2nd comment /this is wyn
I love learning new languages (even though I'm not very good at it ). :D
i think its cool how they're taking everyday objects and making them a learning tool to preserve a new language.
@Belwyn R - same i don't know any others besides english right now though, but over the summer i'm going to start learning Mandarin.
@Steven L/this is wyn
That's cool! Mandarin sounds cool to learn. I only know basic Italian because my dad grew up in Italy and speaks Italian fluently. I once knew the numbers from 1-10 in Korean, but I think I forgot them XD
My mom is fully Korean and she's going to help me brush up on speaking and reading skills this summer. I would post how to count to 10 but the romanization would be incorrect and misleading for the pronunciation :(.
yea, mandarin is pretty cool,
yea, mandarin is pretty cool, actually, it is the second most spoken language so it might come in handy. and its pretty fun learning it.
and I aslo forgot how to count to ten in mandarin all I remember is that 8 is pronounced "ba" lol.
p.s. @Belwyn R. my brother is learning some korean.
p.p.s I hope to start learning ASL soon also
@Steven/this is wyn
ASL is so fun to learn! I don't know a ton of it but I do know a good amount. :)
They should totally.......
They should totally do the with Latin!!!
Latin is great!! Do you speak it? I know the basics after taking a course on it for the past year.
So interesting. I live in nc
So interesting. I live in nc so this seems interesting to go visit this reservation
Hey, I live in nc also!
@Analise and Scarlett -- lol, my brother stopped korean and switched to latin
I’m learning Latin at my school and my mom and grandpa are teaching me Korean (because 3 years of Korean school didn’t really help)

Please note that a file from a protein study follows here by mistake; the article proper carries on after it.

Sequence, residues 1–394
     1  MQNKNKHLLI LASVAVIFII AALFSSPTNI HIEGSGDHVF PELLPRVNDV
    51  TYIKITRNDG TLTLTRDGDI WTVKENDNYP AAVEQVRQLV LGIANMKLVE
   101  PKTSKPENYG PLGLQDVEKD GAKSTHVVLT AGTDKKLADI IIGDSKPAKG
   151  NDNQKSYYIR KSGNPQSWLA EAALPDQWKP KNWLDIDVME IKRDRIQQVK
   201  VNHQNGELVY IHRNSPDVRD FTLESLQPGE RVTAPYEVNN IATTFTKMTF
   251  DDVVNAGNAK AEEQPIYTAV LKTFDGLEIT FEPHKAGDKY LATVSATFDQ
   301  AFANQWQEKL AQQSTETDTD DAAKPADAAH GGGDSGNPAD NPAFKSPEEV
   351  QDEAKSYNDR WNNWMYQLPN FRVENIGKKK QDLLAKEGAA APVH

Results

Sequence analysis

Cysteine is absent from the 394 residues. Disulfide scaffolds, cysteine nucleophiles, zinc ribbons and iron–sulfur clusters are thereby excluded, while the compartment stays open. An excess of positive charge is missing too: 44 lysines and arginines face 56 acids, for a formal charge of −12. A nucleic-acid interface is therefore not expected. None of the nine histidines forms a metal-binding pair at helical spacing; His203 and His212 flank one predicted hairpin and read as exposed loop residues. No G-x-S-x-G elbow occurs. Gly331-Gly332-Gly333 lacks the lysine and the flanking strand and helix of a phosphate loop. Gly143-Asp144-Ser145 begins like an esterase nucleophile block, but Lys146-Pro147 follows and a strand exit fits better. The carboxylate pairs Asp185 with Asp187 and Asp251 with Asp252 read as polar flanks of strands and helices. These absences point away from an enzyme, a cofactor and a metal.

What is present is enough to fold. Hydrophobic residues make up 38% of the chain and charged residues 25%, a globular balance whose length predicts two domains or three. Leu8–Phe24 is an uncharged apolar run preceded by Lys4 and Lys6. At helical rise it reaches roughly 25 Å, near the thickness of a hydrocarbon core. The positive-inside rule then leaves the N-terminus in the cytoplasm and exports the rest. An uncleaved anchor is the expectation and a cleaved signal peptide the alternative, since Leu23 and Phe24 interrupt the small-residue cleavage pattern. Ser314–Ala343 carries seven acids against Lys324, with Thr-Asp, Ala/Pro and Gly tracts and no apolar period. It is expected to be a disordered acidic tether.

Nice, hows it coming?
This is a really neat idea. I also think that people are glued to their phones way too much.
As for languages. . . I am learning German right now. I did some Latin in junior high, but I didn't really like it that much. I also learned how to count to ten in Japanese when we had an exchange student, but I have forgotten it. So then do you really count it as learning it when you then forget it?
Is Korean in characters?
ooh german is cool! They didn't offer Latin at my middle school (junior high) otherwise I would have def taken it.
and I think that Korean has letters so I dont think its characters. but the letters might be put together to look like characters... not sure tho. that's what my brother says.
Ok. I would think that languages with characters would be the hardest to learn, since you have to learn all the characters and what they mean. In, say, German, there are some different letters, but most of them are the same alphabet as the Americans use, and so that makes it easier to at least read and write.
yea, I'm not going to start learning how to read and write Mandarin quite yet because i really dont have the time to study it that much to remember all the different characters. one of the confusing and more funnier things about mandarin that I learned is to say "he" sounds like "ta" (他) and "her" is also "ta" (她) the only difference is the way that you write it.